H.G. Wells created the aliens-attack formula over a century ago, in the classic "War of the Worlds," and Orson Welles' radio drama caused mass panic. So even if Steven Spielberg's "War of the Worlds" were a good movie, it would have a lot to live up to.
And between the idiotic aliens, lackluster script and the screeching children, it's not a good movie. It's another vehicle for Tom "Last Samurai" Cruise to act like a hero in. Yes, indeed -- between impregnating grinning starlets, enraging half the AMA, and leaping on Oprah's couch, Tom Cruise actually made a movie... a bad one.
The story: Ray Ferrier (Tom Cruise) is not having a good week: His ex-wife (Miranda Otto) has just left the kids with him for the next few days, and the kids hate him. To make matters worse, aliens invade, and Ray and his kids must escape their home and find sanctuary with his ex-in-laws, who live in a safe upper-class suburb. (WHY is it safe? We're never told)
Easier said than done. Alien tripods are savaging the city -- some of them rising out of the earth -- and the populace is (understandably) panicking. Ray and his children struggle to escape, only to have his son get lost in the muddle.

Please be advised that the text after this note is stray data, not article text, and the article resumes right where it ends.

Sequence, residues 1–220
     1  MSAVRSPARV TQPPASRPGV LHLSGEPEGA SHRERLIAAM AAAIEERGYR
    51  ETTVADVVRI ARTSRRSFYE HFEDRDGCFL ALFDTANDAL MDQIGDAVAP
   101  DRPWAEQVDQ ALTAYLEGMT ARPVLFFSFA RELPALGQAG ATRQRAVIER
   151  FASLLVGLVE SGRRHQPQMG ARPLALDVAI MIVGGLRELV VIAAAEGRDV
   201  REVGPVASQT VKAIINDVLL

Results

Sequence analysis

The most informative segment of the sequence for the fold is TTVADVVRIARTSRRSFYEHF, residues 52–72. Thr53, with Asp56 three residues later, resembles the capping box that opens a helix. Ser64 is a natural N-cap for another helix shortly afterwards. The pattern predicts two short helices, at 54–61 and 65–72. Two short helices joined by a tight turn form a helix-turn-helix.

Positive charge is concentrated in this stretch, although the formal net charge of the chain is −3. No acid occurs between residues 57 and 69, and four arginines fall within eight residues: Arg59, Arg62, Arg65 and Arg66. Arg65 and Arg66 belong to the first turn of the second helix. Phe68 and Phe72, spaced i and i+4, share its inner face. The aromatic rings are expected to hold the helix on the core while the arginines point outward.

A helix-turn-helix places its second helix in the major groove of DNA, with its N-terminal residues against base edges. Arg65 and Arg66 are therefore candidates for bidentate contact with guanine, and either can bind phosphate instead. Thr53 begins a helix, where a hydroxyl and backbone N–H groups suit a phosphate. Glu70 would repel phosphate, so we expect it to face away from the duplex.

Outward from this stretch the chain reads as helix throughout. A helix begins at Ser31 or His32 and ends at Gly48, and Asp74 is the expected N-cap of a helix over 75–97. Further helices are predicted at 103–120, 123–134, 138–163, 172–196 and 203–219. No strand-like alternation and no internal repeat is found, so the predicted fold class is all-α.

That's pretty much the plot -- and it isn't much. The main bulk of the movie is Cruise and kids hiding from the tripods, running, screaming, hiding, running, and repeating. While Spielberg tries to throw a few loops in the story -- the son going missing, for example -- we don't doubt that everything will turn out okay at the end. For Ray and his family.
Ah yes, Spielberg -- the guy who brought us "E.T.," "Jurassic Park" and "Indiana Jones" makes a misstep in "War of the Worlds." This movie is simply too flimsy for him to salvage. He does manage some truly stunning moments with the tripods, which are excellent displays of CGI. And if they had made up the movie, it would have rocked.
But it isn't. The script is plagued with a hair-raising lack of logic. Very little about this movie actually makes any sense. If the aliens have been planning this for millennia, why did they wait to invade? Why not check what would be dangerous do them? Why didn't anyone detect the buried tripods before? And most important: is it because of Cruise that the movie has a nasty smack of Scientology? (Check references: Xenu, ancient invasions, alien souls, and all the rest of it)
And finally, the acting isn't up to par either. Cruise does his usual bland action-hero shtick, while Justin Chatwin sneers and Dakota Fanning screeches. They do this for the remainder of the film. Tim Robbins and a visibly pregnant Otto do good jobs, but they are on too briefly for their performances to register.
In a movie with no logic and no good acting, the tripods are what are really striking. And yes, they are creepy, scary and weird-looking. By the end of the movie, you may be cheering for them instead.